Sophisticated and witty, “Non-Fiction,” a French film written and directed by Olivier Assayas, is an up-to-the minute story about the publishing world in the new digital age. Perfectly cast and often very funny, the film involves intimate relationships and sexual betrayals that combine the business world with personal machinations. Having been shown at last fall’s New York Film Festival and now getting a commercial release, “Non-Fiction” is one of the best films to open his year.

How much about real-people does a writer put into his novels with characters others will recognize as themselves? Such parallels can have unsettling effects, as is the case with novelist Léonard Spiegel, earthily played by Vincent Macaigne, who in the early stage of the film is being fobbed off at a lunch by Alain Danielson, his editor, played suavely by Guillaume Canet, who recognizes certain elements in the manuscript Léonard wants published.

Guess what? Léonard has been in a romance with none other than the editor’s wife, Selina, exquisitely enacted by Juliette Binoche in a fresh major screen achievement. It is always enjoyable to watch Binoche at work, and she is at the top of her game here playing a successful television actress frustrated with her career, and trying to convince her husband to publish her lover’s novel even as she is on the verge of ending the relationship.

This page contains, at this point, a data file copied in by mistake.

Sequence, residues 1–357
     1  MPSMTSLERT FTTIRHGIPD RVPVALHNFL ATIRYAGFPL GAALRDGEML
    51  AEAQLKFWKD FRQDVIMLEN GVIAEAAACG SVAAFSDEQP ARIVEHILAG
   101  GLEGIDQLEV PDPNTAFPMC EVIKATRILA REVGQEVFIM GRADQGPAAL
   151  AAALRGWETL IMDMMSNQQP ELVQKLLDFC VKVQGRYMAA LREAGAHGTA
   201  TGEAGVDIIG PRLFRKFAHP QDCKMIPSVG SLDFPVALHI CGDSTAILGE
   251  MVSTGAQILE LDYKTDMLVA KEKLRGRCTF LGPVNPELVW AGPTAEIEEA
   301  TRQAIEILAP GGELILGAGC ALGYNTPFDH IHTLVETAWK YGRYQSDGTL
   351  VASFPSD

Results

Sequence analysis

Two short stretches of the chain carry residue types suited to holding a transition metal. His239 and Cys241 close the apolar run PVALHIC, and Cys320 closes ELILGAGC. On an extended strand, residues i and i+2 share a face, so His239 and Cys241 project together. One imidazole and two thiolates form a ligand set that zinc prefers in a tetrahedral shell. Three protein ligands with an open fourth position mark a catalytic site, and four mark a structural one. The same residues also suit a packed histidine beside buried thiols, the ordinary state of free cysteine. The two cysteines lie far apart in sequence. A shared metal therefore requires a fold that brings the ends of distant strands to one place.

Of course, editor Alain has been quite busy with his own bedroom shenanigans. He is having a fling with Laure (Christa Théret), whom he has hired to take the publishing company into its new digital level. (Although all of the talk about the digital age concerns what’s happening in France, the situation is patently pertinent to the United States as well.) The skill with which Assayas sets up the entanglements is remarkable, and the cast members strike exactly the right attitudes to establish French sophistication masking what happens between the sheets.

“Non-Fiction” is also notable for the appearance of Nora Hamzawi, until now known primarily as a standup comedian. She contributes colorful acting as Valérie, an outspoken activist involved in promoting a left-wing candidate. She not only adds a political dimension, but she is involved with Léonard. The relationship between Valérie and Léonard turns out to be especially interesting and sensitive.

Some of the best scenes occur when those having affairs are thrown together, the betrayers and the betrayed, and are attempting to be discreet and above it all. The film is loaded with smart dialogue and humorous lines, all adding up to a film unlike anything an American film would be likely to attempt. That goes for all of the serious conversation about the changing world of publishing as well as the way in which the film addresses infidelity. As you can gather, the very entertaining “Non-Fiction” is definitely a favorite of mine. An IFC Films release. Reviewed April 30, 2019.

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